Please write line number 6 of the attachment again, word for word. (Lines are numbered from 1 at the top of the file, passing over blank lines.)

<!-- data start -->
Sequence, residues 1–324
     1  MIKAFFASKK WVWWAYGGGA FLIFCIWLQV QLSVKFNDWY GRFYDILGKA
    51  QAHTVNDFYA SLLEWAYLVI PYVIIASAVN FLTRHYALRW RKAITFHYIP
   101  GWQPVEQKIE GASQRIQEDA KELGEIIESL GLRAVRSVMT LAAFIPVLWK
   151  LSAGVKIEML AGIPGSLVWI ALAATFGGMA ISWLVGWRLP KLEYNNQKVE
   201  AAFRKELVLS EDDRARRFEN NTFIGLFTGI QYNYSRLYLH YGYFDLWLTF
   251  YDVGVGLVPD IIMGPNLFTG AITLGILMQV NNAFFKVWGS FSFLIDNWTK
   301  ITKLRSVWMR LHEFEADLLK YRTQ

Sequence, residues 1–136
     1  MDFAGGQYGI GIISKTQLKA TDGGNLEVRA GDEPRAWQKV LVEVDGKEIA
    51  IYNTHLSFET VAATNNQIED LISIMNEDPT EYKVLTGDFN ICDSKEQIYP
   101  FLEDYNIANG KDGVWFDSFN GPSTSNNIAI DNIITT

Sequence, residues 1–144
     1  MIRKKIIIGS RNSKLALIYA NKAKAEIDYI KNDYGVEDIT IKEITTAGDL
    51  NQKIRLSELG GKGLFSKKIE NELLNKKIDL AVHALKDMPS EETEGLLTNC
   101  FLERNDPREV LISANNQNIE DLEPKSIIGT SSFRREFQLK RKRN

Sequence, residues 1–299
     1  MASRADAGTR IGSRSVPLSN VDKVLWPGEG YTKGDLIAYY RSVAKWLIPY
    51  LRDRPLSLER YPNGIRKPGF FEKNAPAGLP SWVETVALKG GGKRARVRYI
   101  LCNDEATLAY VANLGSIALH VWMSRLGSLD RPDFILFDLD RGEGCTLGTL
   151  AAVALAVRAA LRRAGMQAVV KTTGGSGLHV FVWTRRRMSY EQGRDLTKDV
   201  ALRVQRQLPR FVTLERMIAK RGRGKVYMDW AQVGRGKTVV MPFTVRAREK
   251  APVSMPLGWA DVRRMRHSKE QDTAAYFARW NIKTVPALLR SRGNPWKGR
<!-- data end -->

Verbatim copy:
   201  AAFRKELVLS EDDRARRFEN NTFIGLFTGI QYNYSRLYLH YGYFDLWLTF